Immigrant’s Plea For Comprehensive Overhaul

Mikhel A. Crichlow

[Op-Ed: Immigration Reform]

When I dreamed of my future I saw myself sitting behind a drafting table, a roll of blueprints stretched out in front of me, with pencil sketches on the wall reflecting the architectural forms of the iconic New York City skyline.

From an early age I expressed my desire to dedicate my life to this profession. My mother, a Caribbean educator for over two decades, realized my passion could not be obtained if I remained in my native land. So when the Department of Education of New York City offered our family the opportunity to come to New York City; my mother gave up everything; her home, family, friends, and all of her worldly possessions to come to the United States so that I could pursue my career goal.

Yet after 12 years in the United States, because of the broken immigration system my dreams have been deferred. My story is not unlike the other Dreamers in the US; our parents brought us to the US in search of a better life.

In the case of Caribbean Dreamers however the expectation was much more explicit, since the city government of New York came to the Caribbean and told our parents that our families would be on a pathway to permanent residency if they came to the US to work for the City. Yet I aged-out and became undocumented; a casualty of a broken immigration system that our elected officials are now lumbering forward to fix.

As commendable as the effort is to grant a pathway to citizenship to the reportedly 11 million undocumented people in the US, I fear that this law will be a reaffirmation of the status quo. A doubling down on the policies of increased deportation will lead to the upheaval of communities and the breakdown of the family unit.

The overly restrictive, complicated and costly process of the Senate proposal will cause many immigrants fall back to the shadows. The preferential treatment of the so-called Dreamers; a classification that punishes children that came to the US under the ages of 18 and 21 and those that were able to succeed and earn diplomas in their native countries. And though the Senate proposes that all outstanding immigration applications stuck in the backlog would become current; no action would be taken to expedite the path to citizenship for those children that aged-out.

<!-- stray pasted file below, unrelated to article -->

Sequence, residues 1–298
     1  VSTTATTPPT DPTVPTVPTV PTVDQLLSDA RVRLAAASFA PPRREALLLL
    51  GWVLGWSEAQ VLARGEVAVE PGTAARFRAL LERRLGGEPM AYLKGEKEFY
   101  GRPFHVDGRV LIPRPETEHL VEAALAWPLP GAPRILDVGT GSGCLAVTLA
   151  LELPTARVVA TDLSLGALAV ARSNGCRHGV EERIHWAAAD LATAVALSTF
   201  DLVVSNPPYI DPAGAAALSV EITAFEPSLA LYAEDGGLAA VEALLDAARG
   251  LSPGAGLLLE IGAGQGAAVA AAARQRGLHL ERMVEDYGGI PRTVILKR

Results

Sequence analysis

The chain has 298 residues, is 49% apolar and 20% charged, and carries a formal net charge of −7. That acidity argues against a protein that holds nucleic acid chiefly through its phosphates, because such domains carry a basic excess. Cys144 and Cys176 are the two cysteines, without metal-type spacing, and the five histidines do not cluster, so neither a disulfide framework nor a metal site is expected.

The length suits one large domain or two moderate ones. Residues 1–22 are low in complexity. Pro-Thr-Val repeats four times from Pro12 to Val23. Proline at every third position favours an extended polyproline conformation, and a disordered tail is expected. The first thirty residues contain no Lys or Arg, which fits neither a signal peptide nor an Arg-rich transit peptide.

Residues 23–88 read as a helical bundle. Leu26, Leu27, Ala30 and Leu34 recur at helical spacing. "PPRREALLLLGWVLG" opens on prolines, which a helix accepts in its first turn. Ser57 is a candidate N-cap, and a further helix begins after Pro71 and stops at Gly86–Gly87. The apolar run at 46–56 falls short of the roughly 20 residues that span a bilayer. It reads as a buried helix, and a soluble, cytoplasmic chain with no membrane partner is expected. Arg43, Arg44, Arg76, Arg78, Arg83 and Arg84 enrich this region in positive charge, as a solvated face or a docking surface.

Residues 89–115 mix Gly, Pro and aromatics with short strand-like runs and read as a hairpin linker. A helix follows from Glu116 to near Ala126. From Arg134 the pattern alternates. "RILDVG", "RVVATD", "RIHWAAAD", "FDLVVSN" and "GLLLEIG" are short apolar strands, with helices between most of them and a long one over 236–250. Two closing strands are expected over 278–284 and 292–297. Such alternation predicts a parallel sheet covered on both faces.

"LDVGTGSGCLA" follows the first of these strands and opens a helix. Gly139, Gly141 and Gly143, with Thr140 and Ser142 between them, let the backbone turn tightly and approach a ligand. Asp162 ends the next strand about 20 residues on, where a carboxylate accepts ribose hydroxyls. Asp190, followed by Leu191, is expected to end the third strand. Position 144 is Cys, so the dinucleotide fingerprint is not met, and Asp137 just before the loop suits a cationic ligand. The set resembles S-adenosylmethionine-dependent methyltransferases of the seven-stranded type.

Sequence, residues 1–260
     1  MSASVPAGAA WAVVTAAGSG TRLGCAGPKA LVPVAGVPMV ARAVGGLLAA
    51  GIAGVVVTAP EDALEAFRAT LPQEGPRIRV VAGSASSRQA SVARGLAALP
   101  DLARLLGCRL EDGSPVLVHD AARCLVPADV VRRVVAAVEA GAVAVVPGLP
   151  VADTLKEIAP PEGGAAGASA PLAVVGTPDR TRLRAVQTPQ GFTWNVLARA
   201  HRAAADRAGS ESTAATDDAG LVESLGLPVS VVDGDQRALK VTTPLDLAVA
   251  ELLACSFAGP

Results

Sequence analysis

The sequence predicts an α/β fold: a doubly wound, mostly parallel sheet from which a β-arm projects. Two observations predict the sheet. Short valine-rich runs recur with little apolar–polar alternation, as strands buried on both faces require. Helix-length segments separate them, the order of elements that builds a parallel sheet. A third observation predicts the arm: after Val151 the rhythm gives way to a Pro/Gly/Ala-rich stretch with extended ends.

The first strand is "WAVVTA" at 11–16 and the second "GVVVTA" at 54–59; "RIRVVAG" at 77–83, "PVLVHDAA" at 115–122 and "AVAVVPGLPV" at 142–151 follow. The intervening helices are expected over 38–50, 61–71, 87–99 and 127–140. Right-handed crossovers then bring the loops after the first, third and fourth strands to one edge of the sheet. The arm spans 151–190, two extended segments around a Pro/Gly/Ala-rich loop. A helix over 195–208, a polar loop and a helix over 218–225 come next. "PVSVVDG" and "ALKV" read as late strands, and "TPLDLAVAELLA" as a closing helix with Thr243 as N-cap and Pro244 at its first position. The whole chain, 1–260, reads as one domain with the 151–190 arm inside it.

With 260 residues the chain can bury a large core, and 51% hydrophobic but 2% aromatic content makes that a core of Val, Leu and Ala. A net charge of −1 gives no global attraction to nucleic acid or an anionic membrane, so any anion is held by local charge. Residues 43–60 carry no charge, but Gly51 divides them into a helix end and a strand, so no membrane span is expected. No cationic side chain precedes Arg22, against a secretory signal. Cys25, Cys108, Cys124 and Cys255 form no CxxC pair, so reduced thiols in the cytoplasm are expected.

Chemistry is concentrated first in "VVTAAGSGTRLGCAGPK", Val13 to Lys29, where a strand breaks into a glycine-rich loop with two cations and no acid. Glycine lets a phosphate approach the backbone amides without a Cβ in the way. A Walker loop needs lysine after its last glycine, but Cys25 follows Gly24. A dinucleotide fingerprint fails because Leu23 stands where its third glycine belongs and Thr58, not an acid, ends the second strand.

As one who immigrated to the US legally yet fell out of status through bureaucratic flaws in the immigration process I have seen my peers surge on with their lives ahead of my while I am trapped in an immigration limbo. I have a degree yet I am unable to use it, I want to continue studying towards the career I love but I am unable to afford too.

I live in constant fear of being lost in the black hole of immigration detention and ultimately deported to a country I have lost ties too. And as our parents and younger siblings gain the Legal Permanent Resident status that our families were promised; as our younger undocumented brothers and sisters qualify as Dreamers for Deferred Action for Childhood Arrivals (DACA) work authorization and see the prospect of an eventual pathway to citizenship through the Senate bill; we the older Dreamers, have little recourse. The best we can expect is an arduous and extended battle to the possibility of second class citizenship.

As the House of Representatives is put into the spotlight to draft an immigration bill that can move immigration reform forward, their leadership continues to refuse to overhaul the broken immigration system. The case has been made of the economic benefit for a legalization bill, yet their apparent inaction will keep the 11 million or so undocumented taxpayers from legalization. The piecemeal plan of legislation that is proposed will not only maintain the status quo for much into the future but persecute and demonize the hard working immigrant families.

I truly believe that this is a compassionate nation. Whenever there is a disaster abroad as a nation we are enthusiastic to help the distressed families and assist their nations in rebuilding efforts.

Yet right here in the US there is a population in crisis that has been neglected for far too long. We need a compassionate approach to immigration reform that will decriminalize and reunite our immigrant families.

For the children like me, that were lost to a hopelessly broken immigration system, the promises that were made to us over a decade ago remain unfulfilled.


Mikhel A. Crichlow is Co-Founder of The International Youth Organization



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